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Helen Capewell
OCA Learning Log
Student Number: 522802
Degree: Illustration
Current Level: 2

Exercise 3.1

Updated: Sep 23, 2021

Understanding Viewpoints


Taking to the route towards the local tube station again, I snapped photos of the environment using my phone.





Photos feel two dimensional, which I find difficult to look back on and feel inspired to do anything with. So It makes me wonder, what do I want the photos for? How can they be useful for me at a later stage?


I want to catch what I see when I look at landscape, what I end up catching give a very different feeling to what I felt. For me, focusing in on the closer views, the micro details, like the individual leaf hanging from a tree branch which lets you get perspective and depth of field, those photos are useful to me. But is it useful to draw from or just a nice photo to keep? With this said, I wanted the camera to be my eyes. I then mixed those views with straight, non cropped views that I thought I could focus in on to help finish drawings, or do another one that would feel like it is drawn on location.


The difference with the drawing and a photo is being able to be selective in the narrative. You select the areas you want to focus on, which in a sense gives you the depth of field. If there is something dumped in an area overgrown by nature, and you draw this. You don't draw every single bit of nature, you draw enough to indicate what it is, and perhaps rely on the void left blank or with suggested lines to indicate that there was more. You've selected the foreground as the focus, and kept the background - the area that is out of focus - out. But maybe later you want to use the sketch to create a full painting of the entire scene, the scene a photo would have captured. This is where I think both can be useful.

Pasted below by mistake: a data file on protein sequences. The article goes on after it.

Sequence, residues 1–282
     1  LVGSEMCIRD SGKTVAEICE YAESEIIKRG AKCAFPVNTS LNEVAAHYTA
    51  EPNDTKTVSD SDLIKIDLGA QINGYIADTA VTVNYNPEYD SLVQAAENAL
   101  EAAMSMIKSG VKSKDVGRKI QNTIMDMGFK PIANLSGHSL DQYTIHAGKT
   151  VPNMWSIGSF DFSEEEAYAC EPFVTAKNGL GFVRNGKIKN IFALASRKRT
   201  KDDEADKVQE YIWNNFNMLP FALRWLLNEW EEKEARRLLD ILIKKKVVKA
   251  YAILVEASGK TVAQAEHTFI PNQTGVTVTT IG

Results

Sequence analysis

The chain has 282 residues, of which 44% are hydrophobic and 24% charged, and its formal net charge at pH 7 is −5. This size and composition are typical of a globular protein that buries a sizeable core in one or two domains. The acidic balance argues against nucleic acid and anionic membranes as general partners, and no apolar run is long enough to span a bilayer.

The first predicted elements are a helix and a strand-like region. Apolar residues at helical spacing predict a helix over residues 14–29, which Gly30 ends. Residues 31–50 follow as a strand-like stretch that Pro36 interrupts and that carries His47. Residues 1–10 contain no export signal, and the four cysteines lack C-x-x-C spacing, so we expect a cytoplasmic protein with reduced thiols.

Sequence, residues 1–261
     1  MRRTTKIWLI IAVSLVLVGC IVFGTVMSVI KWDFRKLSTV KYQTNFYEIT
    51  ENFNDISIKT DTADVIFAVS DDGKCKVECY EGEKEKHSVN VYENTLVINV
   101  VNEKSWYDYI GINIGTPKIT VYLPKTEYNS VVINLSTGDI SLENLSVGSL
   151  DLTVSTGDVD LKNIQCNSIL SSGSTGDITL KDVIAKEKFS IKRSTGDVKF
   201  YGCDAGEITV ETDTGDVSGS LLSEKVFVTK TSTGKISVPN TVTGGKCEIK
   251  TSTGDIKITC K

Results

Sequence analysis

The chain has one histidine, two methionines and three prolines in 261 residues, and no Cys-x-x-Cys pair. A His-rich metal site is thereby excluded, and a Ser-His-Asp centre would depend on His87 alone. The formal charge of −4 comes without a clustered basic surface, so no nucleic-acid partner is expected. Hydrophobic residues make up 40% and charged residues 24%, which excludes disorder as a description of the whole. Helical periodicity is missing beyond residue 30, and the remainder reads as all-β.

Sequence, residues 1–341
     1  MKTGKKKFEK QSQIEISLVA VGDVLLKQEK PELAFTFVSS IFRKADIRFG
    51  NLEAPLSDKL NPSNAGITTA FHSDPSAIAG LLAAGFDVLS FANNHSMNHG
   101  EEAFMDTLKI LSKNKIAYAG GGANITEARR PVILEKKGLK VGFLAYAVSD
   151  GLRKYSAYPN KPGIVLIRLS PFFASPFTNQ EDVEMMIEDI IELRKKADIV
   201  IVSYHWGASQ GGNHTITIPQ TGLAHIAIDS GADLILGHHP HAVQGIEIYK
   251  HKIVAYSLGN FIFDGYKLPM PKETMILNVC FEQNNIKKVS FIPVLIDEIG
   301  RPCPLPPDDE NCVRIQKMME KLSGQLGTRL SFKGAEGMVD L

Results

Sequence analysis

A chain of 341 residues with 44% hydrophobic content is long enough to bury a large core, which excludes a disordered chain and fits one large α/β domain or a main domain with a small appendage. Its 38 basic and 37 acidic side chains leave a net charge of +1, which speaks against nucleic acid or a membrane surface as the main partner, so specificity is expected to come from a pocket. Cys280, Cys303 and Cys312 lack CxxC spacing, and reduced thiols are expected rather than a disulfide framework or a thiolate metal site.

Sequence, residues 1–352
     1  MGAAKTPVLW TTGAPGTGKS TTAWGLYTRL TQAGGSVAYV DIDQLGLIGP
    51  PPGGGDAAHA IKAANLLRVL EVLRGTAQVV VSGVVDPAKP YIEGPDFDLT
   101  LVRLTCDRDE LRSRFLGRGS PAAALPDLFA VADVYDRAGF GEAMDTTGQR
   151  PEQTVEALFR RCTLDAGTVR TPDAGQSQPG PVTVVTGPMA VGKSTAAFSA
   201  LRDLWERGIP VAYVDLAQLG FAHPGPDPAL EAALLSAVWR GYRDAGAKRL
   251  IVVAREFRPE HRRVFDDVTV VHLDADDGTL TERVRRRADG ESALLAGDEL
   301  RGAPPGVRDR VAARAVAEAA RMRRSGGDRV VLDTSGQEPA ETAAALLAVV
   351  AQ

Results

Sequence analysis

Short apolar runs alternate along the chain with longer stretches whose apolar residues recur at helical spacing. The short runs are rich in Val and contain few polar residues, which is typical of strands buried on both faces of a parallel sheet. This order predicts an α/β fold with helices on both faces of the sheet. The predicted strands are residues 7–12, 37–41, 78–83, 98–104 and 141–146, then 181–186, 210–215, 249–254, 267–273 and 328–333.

What in the photo, will you need? Is it a crop, an angle, the detail or the composition? Maybe it's to know the colours, or to know text you wanted to include? Who knows! I think the time it takes to decide what you draw, means you've already made a decision in what you want to achieve. When you know what you want to achieve, you then know what photo you want to help you later down. To save you making the journey again! It's like gathering all the information you can in a very short period of time. If that is the case, then which do you do first? The photo or the drawing?


Whilst making the journey for exercise 3.0 I found myself starting the drawing first, and then taking the photo. Time was not an issue which meant I could spend as little or as long as I wanted for each sketch. I had gotten to a routine that the camera became a tool to gather the information I might need later on. It would be especially useful for an event, as unlike this occasion, I wouldn't have the tie to go back and revisit certain moments. Documenting with both photo and video allows to return. Your focus on the day might have been for certain aspects, whereas later you might think, actually I would love to show such and such narrative which the photos portrayed.


I think overall, having that backup gives you a chance to think in your own space, your own comforts. It lets channel the vision into a narrative you want to achieve. You might want to just extend or adapt what you had started.



LINKS


https://www.wix.com/blog/photography/2019/10/29/types-of-camera-lenses/ - 22.03.21 - 21:35 Quote: Standard lenses have a mid-range focal length, usually between 35mm and 85mm. These lenses offer a fairly accurate representation of what the human eye sees, both in terms of visual angle and perspective. As a result, images are perceived as more natural than those taken with other types of camera lenses.





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